The Legacy of The Notorious B.I.G

Intro + Thesis

The Notorious B.I.G, also known as Biggie Smalls is a legendary and iconic New York rapper as he became the face of East Coast gangsta rap. Biggie’s voice doesn’t sound like anybody else’s. It’s plummy, wheezy, humid. It sounds like it comes from deeper in his chest than other people’s voices. He is one of the most commercially successful and impactful rappers in the 90’s, and his death in 1997 is one of hip-hops greatest unsolved mysteries. He was only murdered when he was 24 years old. Yet to this day he’s one of the most revered, emulated, and biggest selling rappers in the game.

Rise to Fame

Christopher George Latore Wallace was born on May 21, 1972, in Brooklyn, New York.His mother Voletta Wallace was a Jamaican pre-school teacher. His father Selwyn Latore was a welder and a politician. Although Wallace was a good student, by the age of twelve he was dealing drugs and as a teen fell into a life of crime. He would be arrested numerous times during his short life. Eventually Wallace attended Brooklyn’s George Westinghouse High School, and after school he played with jazz saxophonist Donald Harrison. Wallace dropped out of high school at seventeen with aspirations of becoming a rap superstar following his idols Run-DMC and Big Daddy Kane. Biggie began rapping as a teenager to entertain people in his neighborhood. After he got out of jail, he made a demo tape as Biggie Smalls — named after a gang leader from the 1975 movie Let’s Do It Again; also a nod to his childhood nickname. Due to legal issues with the name, he later adopted a second stage name “The Notorious B.I.G.” In the 1990s, Sean Combs, also known as “P. Diddy,” heard Biggie Smalls’ demo tape and quickly signed him with Uptown Records. In 1992, Combs put Smalls on the remix of Mary J. Blige’s song “Real Love,” giving the rapper his first national exposure.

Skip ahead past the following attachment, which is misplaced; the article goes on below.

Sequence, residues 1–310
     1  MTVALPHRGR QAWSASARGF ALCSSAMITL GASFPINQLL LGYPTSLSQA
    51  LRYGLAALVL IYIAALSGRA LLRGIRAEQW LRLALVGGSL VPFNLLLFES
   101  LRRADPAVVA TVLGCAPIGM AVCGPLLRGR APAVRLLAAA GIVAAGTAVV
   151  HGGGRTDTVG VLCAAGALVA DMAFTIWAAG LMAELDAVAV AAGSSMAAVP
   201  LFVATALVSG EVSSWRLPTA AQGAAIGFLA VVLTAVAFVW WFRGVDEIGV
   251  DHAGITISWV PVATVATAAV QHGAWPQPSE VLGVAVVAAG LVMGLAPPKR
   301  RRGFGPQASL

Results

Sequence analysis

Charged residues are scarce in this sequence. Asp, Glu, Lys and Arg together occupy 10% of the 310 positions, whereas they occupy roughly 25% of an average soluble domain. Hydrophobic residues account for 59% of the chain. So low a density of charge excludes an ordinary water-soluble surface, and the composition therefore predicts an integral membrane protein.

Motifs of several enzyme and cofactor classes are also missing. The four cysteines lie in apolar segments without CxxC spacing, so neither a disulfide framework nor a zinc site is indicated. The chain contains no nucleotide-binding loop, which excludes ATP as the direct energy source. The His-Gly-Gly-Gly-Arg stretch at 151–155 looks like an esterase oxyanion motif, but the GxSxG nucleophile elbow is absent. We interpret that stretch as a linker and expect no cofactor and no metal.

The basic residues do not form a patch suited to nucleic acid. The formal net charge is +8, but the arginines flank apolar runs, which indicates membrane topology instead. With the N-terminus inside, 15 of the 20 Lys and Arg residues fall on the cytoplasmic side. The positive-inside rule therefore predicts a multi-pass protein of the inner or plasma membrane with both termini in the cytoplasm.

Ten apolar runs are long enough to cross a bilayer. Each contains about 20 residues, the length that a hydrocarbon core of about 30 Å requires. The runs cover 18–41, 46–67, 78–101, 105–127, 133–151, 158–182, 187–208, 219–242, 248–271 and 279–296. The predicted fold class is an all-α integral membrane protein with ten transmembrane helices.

The Notorious B.I.G.’s debut album came out on Bad Boy in September 1994, a month after “Juicy,” his first single for the label. The album, Ready to Die, was certified gold within two months, double-platinum the following year, and eventually quadruple-platinum. “Big Poppa,” the second of the album’s four singles, was nominated for a Grammy for best rap solo performance. Ready to Die marked a resurgence in East Coast hip hop, and Biggie was widely acclaimed for the narrative ability he displayed on the album’s semi-autobiographical tales from his wayward youth. Biggie did not sugar-coat the drug-dealer lifestyle. His success fueled the coastal rivalry with other prominent rappers, and when Tupac Shakur was murdered in 1996. On March 25, 1997, Notorious B.I.G.’s second album, Life After Death, was released posthumously. In 2000, the album was certified Diamond in sales, meaning that it sold more than 10,000,000 copies. Life After Death was one of the few albums in any genre to hold this distinction, making it one of the highest selling hip-hop albums of all time.

Death + Legacy

On the night of March 8, 1997, Notorious B.I.G. attended a large party in Los Angeles promoting his new single “Hypnotize” and his new album. In the early morning hours on March 9, he and his entourage were fired upon by unknown assailants as they were returning to the hotel after the party. Notorious B.I.G. was killed; he was twenty-four years old.Like that of Tupac, the killing of Biggie Smalls would never be solved. There would be no closure. Also like Tupac, Biggie would release a double album posthumously, in Biggie’s case a mere fortnight after his demise.But this wasn’t the last that the world had heard from Biggie Smalls. He was featured on no fewer than five songs on Puff Daddy’s 1997 album, No Way Out. A single from that album, “I’ll Be Missing You,” dedicated to Biggie’s memory, won the Grammy for best rap performance by a duo or group in 1998 — ironically beating Biggie himself, whose “Mo Money Mo Problems” was nominated in the same category. There were two more posthumous albums using previously unreleased material: Born Again in 1999 and Duets: the Final Chapter in 2005 — featuring a host of guests including Eminem, Jay-Z, Mary J. Blige and, bizarrely, Bob Marley — also from beyond the grave — and the metal band Korn.


The Source Music Hip Hop Awards (1995)

New Artist of the Year, Solo

Lyricist of the Year

Live Performer of the Year

Album of the Year

Bilboard Music Awards (1995)

Rap Artist of the Year

Rap Single of the Year

Bilboard Music Awards (1997)

R&B Album

MTV Video Music Awards (1998)

Best Rap Video

Soul Train Music Awards (1996)

R&B/Soul or Rap Song of the Year

Soul Train Music Awards (1998)

Best R&B/Soul Album – Male


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